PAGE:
If you are football fan, chances are you’ve heard the term “RPO” during broadcasts. In that sport it is an acronym for the “Run/Pass Option” concept where the quarterback is reading the defense and based on that read the play could be a run or a pass. 

In basketball, and in the ball screen in particular, we are borrowing that acronym and calling it the “Roll/Pop” Option. The screener has the option to roll to the basket or pop to the perimeter. 

Whether they roll or pop could be determined by the ball screen defense employed by your opponent. It could be determined by skill set of the player. A shooter might be a “pop” guy while a bruiser may be a “roll” guy. A versatile player may have the option to do either. 


Fig. 1 – ROLL Option

In Fig. 1 above, Player 5 sets the ball screen and rolls to the basket – a common pick-and-roll. 

Fig. 2 – Pop or Ghost

In Fig. 2, Player 5 pops to the perimeter after setting the ball screen. This could also be a “Ghost” concept. 

Rolling or popping could be up to the player or driven by skill set. It is important that the offense work in conjunction with the screener to enhance the effectiveness and add to the conceptual nature of the RPO.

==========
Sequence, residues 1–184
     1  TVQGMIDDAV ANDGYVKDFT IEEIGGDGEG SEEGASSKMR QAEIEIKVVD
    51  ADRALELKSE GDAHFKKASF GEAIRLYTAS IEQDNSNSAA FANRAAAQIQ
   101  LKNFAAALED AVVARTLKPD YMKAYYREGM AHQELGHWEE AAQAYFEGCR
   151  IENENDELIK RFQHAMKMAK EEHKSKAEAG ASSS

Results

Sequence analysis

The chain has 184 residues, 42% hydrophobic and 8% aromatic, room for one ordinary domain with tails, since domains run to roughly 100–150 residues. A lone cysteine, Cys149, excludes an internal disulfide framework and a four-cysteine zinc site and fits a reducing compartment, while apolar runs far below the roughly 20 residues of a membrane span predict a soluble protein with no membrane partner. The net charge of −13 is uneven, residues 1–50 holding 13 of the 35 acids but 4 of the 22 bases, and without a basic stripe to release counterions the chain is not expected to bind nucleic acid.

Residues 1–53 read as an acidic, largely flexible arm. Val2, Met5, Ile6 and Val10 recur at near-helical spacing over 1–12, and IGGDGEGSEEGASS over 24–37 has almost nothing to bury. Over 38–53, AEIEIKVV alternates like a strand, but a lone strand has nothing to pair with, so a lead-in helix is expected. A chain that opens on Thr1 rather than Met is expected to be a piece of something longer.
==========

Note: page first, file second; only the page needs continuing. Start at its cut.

Let’s give some simple “IF/THENs” for the nearest player outside the ball screen.


Fig. 3 – Roll + Shake

IF Player 5 rolls, THEN Player 2 shakes up from the corner.

This is a counter to many ball screen coverages where X2 would be tasked with “tagging” the roller. Player 5 decides to roll. Player 1 sees x2 tag the roller and knows the shake man (Player 2) has an advantage. 

Fig. 4 – Cutting the Stunt

In Fig. 4 above, Player 5 has decided to pop after screening. This could also be a Ghost concept. If we have gotten two defenders on the ball and throw back to Player 5 popping, X2 may have to stunt at Player 5 to prevent the open three. How do we counter this?

IF we pop, THEN cut to the rim.

“Cutting the stunt” puts X2 in a dilemma: stunt and your man may cut to the hoop for an easy one. If you don’t stunt or go with the cutter, then the pop man is open. 

Above is an example of Alabama-Huntsville cutting the stunt. The cut prevented the defender from stunting at the pop man creating an open pick-and-pop three. 

In the RPO concept we are giving players the freedom to either roll or pop. Combining that with simple and straightforward decisions for the nearest player outside the ball screen builds out the RPO and make it harder for the defense to be “right.”

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